We avoid grief in so many ways: getting angry or resentful, trying to fix or pacify it, seeing ourselves or others as “strong enough” to not need to grieve, seeing grief as weakness, turning it into depression or anxiety without actually grieving, withdrawing from any emotions (positive or negative), seeing only the positive side of a loss, staying busy or shutting down and distracting.
But, there is such healing in sitting with grief, taking time, noticing it, befriending it with compassion, giving it a voice and allowing the feelings to be cared for. It is a rite that allows us to give praise to that which we love.
As Francis Weller says in his book The Wild Edge of Sorrow, "My grief says that I dared to love (and live), that I allowed another (or a something) to enter the core of my being and find a home in my heart. Grief is akin to praise, it is how the soul recounts the depth to which someone or something has touched our lives. To love is to accept the rites of grief."
"Grief is akin to praise, it is how the soul recounts the depth to which someone or something has touched our lives. To love is to accept the rites of grief." - Francis Weller
To walk with grief is to notice each of the emotions that come with a loss, giving it time and space to be felt and voiced (or screamed, cried, journaled, talked through, danced, etc...). You need to allow the hurt to be held with compassion, not trying to fix it or soothe it too quickly, trusting grief to hold you and move the pain through you, to find growth and healing beyond it.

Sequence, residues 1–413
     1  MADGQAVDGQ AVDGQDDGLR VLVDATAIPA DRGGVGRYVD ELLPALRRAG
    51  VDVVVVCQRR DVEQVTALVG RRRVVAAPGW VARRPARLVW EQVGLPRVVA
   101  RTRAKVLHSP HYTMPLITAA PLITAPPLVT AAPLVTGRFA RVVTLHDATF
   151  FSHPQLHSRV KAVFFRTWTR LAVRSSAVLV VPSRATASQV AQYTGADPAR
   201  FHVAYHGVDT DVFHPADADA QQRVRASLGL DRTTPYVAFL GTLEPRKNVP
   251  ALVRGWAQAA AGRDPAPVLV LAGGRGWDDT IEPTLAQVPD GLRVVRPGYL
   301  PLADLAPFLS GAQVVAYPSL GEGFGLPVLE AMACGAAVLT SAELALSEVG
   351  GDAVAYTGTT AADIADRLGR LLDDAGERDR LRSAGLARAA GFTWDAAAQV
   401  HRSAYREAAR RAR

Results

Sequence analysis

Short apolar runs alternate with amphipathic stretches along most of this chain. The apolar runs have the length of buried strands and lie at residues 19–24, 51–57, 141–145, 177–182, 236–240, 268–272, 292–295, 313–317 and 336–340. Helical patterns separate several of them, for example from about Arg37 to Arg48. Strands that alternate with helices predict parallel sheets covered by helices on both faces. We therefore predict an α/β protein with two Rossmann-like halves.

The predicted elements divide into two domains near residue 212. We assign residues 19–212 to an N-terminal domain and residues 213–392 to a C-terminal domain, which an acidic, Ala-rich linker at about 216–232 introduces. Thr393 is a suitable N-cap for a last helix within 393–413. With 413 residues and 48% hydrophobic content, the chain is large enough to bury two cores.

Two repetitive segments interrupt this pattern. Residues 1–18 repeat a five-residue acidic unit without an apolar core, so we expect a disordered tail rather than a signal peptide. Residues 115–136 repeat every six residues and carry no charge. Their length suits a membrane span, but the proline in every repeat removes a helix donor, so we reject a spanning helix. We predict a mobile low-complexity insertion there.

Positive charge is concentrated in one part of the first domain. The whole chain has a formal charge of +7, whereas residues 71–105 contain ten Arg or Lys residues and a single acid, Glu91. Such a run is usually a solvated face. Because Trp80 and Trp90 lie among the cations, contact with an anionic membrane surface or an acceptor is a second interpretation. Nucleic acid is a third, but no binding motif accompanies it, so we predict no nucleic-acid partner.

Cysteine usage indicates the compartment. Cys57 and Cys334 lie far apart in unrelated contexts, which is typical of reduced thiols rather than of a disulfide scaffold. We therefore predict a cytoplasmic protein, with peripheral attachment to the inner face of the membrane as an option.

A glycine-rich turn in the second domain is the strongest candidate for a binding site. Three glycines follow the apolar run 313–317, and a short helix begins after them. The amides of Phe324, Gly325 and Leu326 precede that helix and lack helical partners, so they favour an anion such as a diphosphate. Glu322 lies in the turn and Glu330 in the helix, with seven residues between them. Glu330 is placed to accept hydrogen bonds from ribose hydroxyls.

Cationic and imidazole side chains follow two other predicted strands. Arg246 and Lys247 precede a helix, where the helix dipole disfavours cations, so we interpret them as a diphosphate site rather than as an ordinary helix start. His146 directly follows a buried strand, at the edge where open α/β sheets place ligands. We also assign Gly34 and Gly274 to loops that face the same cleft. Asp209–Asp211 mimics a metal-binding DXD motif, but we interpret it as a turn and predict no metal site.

I find it fascinating to observe the many efforts we go to avoid our grief because we are so afraid of it. We can ignore and deny our real experiences and emotions because of the fear of facing our loss. But this denial doesn't lead us into a healthier way of life. It's only by experiencing, expressing, and validating our grief that we can make sense of what has happened.
I believe that going boldly into our grief is a courageous and necessary act that leads to transformation and healing. Sometimes we might associate grieving with being weak or delving into despair but I think the opposite is true. Going boldly into grief means working towards an authenticity that is honest and hopeful because it honours our real feelings and what has mattered to us.
Working with our grief means that we face up to difficult feelings but we gain a greater understanding of ourselves and our place in the world. It is difficult, but it is always worth the risk.
...there is such healing in sitting with grief, taking time, noticing it, befriending it with compassion, giving it a voice and allowing the feelings to be cared for. It is a rite that allows us to give praise to that which we love.
I have come to a place where I am more open to saying “hello” to grief when it shows up. I'm more willing to ask it to teach me, to trust it, to spend time with it until it passes, knowing that it will return again as my friend when I need it.
If I avoid the important work of grieving, it can’t do it’s healing work.
If I walk with grief, it will heal.
Be bold, enter deeply into the rites of grief for all that you have lost this year, and move through it.
It promises to heal so that we can love again.